Abstract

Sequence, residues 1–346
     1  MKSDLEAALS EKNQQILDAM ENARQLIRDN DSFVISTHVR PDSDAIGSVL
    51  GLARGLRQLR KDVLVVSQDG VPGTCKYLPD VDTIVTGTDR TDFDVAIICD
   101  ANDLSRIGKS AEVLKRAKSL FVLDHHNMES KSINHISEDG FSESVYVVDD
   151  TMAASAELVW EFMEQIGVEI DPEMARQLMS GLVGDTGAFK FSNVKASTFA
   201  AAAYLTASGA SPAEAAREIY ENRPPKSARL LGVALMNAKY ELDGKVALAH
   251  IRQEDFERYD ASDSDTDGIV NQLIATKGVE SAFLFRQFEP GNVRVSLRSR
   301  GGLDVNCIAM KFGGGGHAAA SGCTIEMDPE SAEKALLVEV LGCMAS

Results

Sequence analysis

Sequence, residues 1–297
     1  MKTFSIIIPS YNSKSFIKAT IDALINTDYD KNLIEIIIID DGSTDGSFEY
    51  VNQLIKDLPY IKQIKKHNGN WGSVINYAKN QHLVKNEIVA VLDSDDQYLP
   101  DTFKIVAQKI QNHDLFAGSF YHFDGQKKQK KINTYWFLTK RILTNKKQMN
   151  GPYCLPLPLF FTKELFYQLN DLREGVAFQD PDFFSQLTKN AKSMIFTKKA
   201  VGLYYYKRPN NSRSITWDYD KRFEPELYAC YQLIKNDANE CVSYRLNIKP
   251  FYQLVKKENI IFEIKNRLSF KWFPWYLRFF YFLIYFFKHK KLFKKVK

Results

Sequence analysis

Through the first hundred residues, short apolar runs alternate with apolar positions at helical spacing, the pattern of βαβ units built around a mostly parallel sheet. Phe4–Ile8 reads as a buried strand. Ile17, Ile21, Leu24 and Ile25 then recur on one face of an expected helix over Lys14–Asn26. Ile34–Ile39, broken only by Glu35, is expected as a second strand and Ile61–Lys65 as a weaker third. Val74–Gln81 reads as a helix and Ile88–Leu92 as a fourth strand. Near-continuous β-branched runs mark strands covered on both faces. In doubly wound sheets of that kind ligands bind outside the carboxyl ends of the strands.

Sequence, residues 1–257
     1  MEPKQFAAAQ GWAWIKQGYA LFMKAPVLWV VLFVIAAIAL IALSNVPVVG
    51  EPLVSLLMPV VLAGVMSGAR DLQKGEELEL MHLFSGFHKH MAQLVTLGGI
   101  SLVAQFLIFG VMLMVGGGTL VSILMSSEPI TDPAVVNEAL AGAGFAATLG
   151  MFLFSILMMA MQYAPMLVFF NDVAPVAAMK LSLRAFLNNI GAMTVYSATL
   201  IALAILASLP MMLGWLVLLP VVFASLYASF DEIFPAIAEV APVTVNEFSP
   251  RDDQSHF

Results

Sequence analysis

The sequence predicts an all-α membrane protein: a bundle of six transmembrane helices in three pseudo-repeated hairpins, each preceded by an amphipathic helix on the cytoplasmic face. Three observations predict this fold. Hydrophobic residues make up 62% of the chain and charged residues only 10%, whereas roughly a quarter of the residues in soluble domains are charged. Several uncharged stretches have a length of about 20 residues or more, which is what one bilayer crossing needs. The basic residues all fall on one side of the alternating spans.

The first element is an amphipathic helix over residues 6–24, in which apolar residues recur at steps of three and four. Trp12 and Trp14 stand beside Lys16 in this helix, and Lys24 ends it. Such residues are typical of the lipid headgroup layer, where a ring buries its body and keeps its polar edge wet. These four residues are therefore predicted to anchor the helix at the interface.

Dendroglaciological and lichenometric techniques are used to establish the Little Ice Age (LIA) history of two glaciers (Colonel Foster and Septimus) in Strathcona Provincial Park, Vancouver Island, British Columbia. Our lichenometric investigations were preceded by the development of a locally calibrated Rhizocarpon geographicum growth curve (1708–1998 A.D.). Documentation of a 3–4-year ecesis interval for both trees and lichen greatly reduces one of the main uncertainties in using geobotanical methods for dating LIA landforms. The moraine dates provided, therefore, give a good approximation of the shift in climate conditions that lead to the retreat of the glaciers and subsequent moraine stabilization. Geobotanical evidence records three synchronous episodes of LIA moraine deposition at both glaciers: two prominent moraines at each site are dated to the early 1700s and late 1800s, with a third, smaller moraine dated to the mid 1930s. Moraines deposited prior to 1397 A.D. were also recorded at Colonel Foster Glacier; however, precise dating of these moraines was not possible. The moraine records from Strathcona Provincial Park suggest two possible modes of glacier response: (i) synchronous responses to larger-scale climatic forcing, and (ii) asynchronous responses to local factors such as microclimate, topography, and glacier geometry. The Vancouver Island LIA record was evaluated in the context of LIA results from the Pacific North American (PNA) Cordillera. It compares well with regional moraine records from coastal British Columbia, Washington, Alaska, and the Canadian Rocky Mountains, suggesting a regional response of PNA glaciers to climate change associated with the LIA.

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